Overcoming drug resistance with alginate oligosaccharides able to potentiate the action of selected antibiotics

Khan S, Tøndervik A, Sletta H, Klinkenberg G, Emanuel C, Onsøyen E, Myrvold R, Howe RA, Walsh TR, Hill KE, Thomas DW.
Antimicrob Agents Chemother. 2012 Oct;56(10):5134-41. doi: 10.1128/AAC.00525-12. Epub 2012 Jul 23.

External link to Pubmed.gov


The uncontrolled, often inappropriate use of antibiotics has resulted in the increasing prevalence of antibiotic-resistant pathogens, with major cost implications for both United States and European health care systems. We describe the utilization of a low-molecular-weight oligosaccharide nanomedicine (OligoG), based on the biopolymer alginate, which is able to perturb multidrug-resistant (MDR) bacteria by modulating biofilm formation and persistence and reducing resistance to antibiotic treatment, as evident using conventional and robotic MIC screening and microscopic analyses of biofilm structure. OligoG increased (up to 512-fold) the efficacy of conventional antibiotics against important MDR pathogens, including Pseudomonas, Acinetobacter, and Burkholderia spp., appearing to be effective with several classes of antibiotic (i.e., macrolides, β-lactams, and tetracyclines). Using confocal laser scanning microscopy (CLSM) and scanning electron microscopy (SEM), increasing concentrations (2%, 6%, and 10%) of alginate oligomer were shown to have a direct effect on the quality of the biofilms produced and on the health of the cells within that biofilm. Biofilm growth was visibly weakened in the presence of 10% OligoG, as seen by decreased biomass and increased intercellular spaces, with the bacterial cells themselves becoming distorted and uneven due to apparently damaged cell membranes. This report demonstrates the feasibility of reducing the tolerance of wound biofilms to antibiotics with the use of specific alginate preparations.

For further information, please contact:
Philip D. Rye R&D Director; phil.rye@algipharma.com

August 2012

Philip D. Rye and Astrid Hilde Myrset joins AlgiPharma

R&D Director: Philip D. Rye, PhD

Philip Rye (1962) came to AlgiPharma in 2012. Prior to joining the company Phil was head of Biology R&D at GE Healthcare, Oslo, where he was responsible for team leadership in understanding the pharmacology of novel in vivo imaging agents and interpreting the pathophysiology of cancer, cardiovascular and neurological diseases. Phil brings a wide range of skills and expertise spanning both academic research and commercial in vitro and in vivo diagnostic development. He gained his doctorate at the Department of Pathology at University of Leicester, UK in 1990. His postdoctoral research experience from UK and Norway includes glycoconjugate biochemistry, animal models, cell biology, and biochemistry. Phil also brings more than 11 years of experience in the diagnostics and pharmaceutical industry in both research and management roles and has been involved in the successful development and launch of molecular in vitro diagnostic tests. He is inventor/co-inventor on four patents and has 37 peer reviewed articles in international medical and biochemical journals.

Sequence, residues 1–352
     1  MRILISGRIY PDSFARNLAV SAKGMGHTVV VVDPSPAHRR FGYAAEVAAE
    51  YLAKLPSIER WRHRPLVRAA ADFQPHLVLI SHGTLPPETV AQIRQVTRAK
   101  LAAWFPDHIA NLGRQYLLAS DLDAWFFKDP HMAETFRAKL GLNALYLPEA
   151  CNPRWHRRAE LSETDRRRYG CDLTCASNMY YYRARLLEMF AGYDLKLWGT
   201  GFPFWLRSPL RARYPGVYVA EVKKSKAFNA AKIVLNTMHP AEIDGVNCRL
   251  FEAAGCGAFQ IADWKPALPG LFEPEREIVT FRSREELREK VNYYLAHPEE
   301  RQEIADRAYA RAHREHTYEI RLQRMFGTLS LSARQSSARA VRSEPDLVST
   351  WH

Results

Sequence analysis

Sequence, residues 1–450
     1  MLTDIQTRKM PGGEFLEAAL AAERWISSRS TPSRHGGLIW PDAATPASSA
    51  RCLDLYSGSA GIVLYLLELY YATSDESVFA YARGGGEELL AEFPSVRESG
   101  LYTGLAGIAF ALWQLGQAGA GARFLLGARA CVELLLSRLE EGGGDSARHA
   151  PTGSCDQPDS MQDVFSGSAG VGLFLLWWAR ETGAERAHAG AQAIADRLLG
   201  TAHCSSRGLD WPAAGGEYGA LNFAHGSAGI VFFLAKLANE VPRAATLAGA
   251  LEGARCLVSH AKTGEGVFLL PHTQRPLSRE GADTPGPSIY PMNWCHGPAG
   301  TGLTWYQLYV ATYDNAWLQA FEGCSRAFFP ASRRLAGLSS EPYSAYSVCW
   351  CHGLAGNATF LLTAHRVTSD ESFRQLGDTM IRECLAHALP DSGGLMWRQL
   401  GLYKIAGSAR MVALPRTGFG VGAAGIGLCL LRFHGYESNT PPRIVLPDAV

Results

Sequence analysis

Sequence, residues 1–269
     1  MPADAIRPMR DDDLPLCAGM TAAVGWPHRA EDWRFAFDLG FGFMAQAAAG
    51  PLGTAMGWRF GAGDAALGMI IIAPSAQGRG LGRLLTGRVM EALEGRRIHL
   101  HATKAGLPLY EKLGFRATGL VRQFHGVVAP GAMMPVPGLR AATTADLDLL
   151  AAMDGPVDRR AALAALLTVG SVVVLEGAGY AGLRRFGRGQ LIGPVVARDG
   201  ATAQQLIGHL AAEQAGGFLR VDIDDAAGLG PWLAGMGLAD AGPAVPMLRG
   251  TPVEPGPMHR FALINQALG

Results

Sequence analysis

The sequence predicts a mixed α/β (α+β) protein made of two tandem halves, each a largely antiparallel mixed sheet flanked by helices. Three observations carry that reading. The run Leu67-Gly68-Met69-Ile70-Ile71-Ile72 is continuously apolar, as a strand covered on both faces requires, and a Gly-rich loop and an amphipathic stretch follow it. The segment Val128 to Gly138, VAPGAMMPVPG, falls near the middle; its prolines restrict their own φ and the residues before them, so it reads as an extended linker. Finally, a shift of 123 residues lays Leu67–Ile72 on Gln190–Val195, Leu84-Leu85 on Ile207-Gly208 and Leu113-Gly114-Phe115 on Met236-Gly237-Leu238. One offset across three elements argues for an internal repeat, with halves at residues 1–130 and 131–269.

Director for Clinical and Pre-clinical Research: Astrid Hilde Myrset, PhD

Astrid Hilde Myrset (1956) is a biochemist by training, and joined AlgiPharma in 2012. From 2008 – 2012 Astrid was the CEO of Omegatri AS, building a start-up company within the health segment, securing funding from investors in Norway and abroad, as well from Innovation Norway and the Norwegian Research Council. The work led to the successful development of two novel products to the process of scaling up, and involved extensive partnering for regulatory work, scale up and production. From 1994 to 2008 Astrid held various positions in R&D in the pharmaceutical industry (Nycomed – Amersham– GE), most recently global positions where she worked on strategy, innovation and knowledge management including project reviews, across functions, sites and geographies. Prior to this Astrid worked as a project leader, established a molecular biology lab and was involved in a range of projects in preclinical development. Astrid has an extensive network in the academia as well as the life science industry in Norway, is a member of the Board of MedCoast Scandinavia and of the Advisory board of Sintef Materials and Chemistry.

August 2012